Gender Differences in Nursing
For over years nursing has been considered as a subordinate occupation in relating it with medicine or the common perception in many societies. The first nurses were women and the trend has continued for years without substantial change. The notion of nursing being for care is considered more suitable to women than men. The profession grew from a point of care providing to a recognized profession and the roles changed. Though it has been proved that the satisfaction of the patient is not related to the gender of the nurse still there are findings which illustrate differences between the two. This paper seeks to show why the profession has been dominated by women and why there are low men recording especially in United States and Canada .
The issue of gender dominance in the nursing profession has not been there in the past but the alarming low rate of men enrolling for the profession in Canada and United states is worth examination. There are studies which tend to suggest that the patient satisfaction in some instances has a very slight link with the nurses gender. The career patterns between male and female nurses have been very distinct before but the two have a shared link now. Women in their career patterns are said to take up lateral moves whilst men on the contrary make linear career moves. This means that a woman is likely to spend much time in one career compared to a man. For instance a female nurse will spend much time in the nursing before getting training for another post. This is commonly known as the certificate gathered syndrome which many women possess. On the contrary men are taking up the linear career whereby they consider career in which flexibility is fostered. Men are not grossly affected by the certificate gathered syndrome like women .
In the nursing context the option for nurses to stick to the nursing career is based on many factors. Their dominance has not been willful but inevitable. There are findings which suggest that female nurses have certificate gatherer syndrome not because it is a women trait but because the dynamics of the labor markets affect women and men differently. The study of both literal and linear career paths in women and men respectively show that it is not the career path that one takes but the minority men in nursing issue is due to the structural labor markets which are said to favor men than women. The most stated reason for the differences in the population of men and women in nursing career is the children career breaks that are experienced by both men and women. It is estimated that the period taken by women and men to attain nursing status is distinct .
The labor markets in the United States and Canada present a dilemma to men in relation to choosing nursing as a career. The nursing labor division is characterized by unqualified persons and the payment for the unskilled has been exceedingly low. Nursing in United States has been considered a career for the unskilled and hence many men than women find it hard to advance in nursing. With the minimal hopes of advancement few men have reluctantly joined nursing. The under representation of men in the nursing career in United States and Canada illustrates an imbalance that needs to be addressed. There are prevailing stereotypes about nursing which can not be ruled out since they increasingly influence the Canadian and United States men on their choice of career. The nursing career has continuously been associated with caring and submission. Large numbers of men think that these traits are for women. On the contrary the notion that joining the profession will make them look unmanly has greatly made it hard for more men than women to take up the nursing career .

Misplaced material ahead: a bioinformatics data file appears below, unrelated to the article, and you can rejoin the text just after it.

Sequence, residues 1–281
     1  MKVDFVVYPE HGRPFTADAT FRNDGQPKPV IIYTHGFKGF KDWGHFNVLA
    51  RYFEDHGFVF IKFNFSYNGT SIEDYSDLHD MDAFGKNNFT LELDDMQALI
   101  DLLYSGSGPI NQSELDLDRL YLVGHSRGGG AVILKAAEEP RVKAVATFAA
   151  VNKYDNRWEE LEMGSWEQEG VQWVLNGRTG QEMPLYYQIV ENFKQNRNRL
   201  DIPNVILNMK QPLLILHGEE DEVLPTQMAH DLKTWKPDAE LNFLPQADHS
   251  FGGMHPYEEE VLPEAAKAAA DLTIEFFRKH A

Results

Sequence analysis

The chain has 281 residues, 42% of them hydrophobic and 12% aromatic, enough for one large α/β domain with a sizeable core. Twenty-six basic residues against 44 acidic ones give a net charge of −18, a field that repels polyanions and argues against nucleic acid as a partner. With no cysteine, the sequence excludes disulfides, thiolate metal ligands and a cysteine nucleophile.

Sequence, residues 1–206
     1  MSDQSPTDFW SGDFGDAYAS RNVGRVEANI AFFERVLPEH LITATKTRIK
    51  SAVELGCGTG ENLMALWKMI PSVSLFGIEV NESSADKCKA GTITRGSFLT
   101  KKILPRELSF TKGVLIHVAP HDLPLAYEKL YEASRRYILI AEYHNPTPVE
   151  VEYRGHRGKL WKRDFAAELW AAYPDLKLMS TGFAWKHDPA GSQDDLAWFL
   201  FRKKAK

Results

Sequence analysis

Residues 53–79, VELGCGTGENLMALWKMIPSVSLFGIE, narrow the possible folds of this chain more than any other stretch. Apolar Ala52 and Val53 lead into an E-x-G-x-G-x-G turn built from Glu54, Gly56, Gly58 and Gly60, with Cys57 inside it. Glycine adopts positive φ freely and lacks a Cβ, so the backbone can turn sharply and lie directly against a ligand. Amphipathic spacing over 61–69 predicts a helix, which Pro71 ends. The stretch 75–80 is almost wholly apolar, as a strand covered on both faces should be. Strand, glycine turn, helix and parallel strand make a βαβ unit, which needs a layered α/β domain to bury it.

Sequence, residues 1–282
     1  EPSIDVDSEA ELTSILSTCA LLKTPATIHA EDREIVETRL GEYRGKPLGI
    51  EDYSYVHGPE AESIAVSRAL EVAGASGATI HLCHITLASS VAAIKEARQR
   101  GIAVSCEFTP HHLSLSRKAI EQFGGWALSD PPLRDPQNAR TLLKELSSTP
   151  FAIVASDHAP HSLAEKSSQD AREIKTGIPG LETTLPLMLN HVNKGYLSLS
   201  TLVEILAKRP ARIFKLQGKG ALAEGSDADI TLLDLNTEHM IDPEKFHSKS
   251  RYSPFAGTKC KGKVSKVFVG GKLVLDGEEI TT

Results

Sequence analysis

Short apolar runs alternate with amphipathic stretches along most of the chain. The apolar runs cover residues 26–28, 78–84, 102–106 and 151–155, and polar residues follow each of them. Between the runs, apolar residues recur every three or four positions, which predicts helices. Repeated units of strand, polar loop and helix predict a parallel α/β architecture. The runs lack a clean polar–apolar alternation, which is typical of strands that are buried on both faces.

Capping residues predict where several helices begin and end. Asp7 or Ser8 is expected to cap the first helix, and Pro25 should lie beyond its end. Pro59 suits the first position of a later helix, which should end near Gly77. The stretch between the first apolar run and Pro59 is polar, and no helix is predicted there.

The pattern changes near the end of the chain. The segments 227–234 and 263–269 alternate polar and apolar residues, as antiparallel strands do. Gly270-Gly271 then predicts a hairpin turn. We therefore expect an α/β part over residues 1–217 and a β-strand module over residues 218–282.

There are notions in the United States and Canadian societys which perceive men as strong and aggressive. The foregoing statement shows that nursing is not in conformity with the societys expectations. In a society whereby people are used to nursing being a womans job it increasingly becomes hard for a man to get the societys approval after becoming a nurse. The said stereotypes may appear trivial but they have played an influencing effect on the choices that men make regarding their careers. In the reasoning of many men it is unwise to choose a career with negative perceptions while there are other options. Approximately 3.1% nurses in the United States and Canada are male. The overwhelming perception that nurses are poorly paid has made nursing to be considered unappealing to men. The notion is also evident in childrens understanding of the term. They believe that a man can not be a nurse. The said notion are passed from one generation to another hence making men shun nursing completely .
The foregoing literature shows that the nursing profession has been widely considered as a women career. There are stereotypes that have made it hard to have men joining it. The stereotypes evident have continuously reduced the number of men joining the career. The Canadian and American nursing field is highly dominated by women due to the factors discussed above. The negative stereotypes need to be address if the number of men joining the career is expected to go high.
Gender Differences in Nursing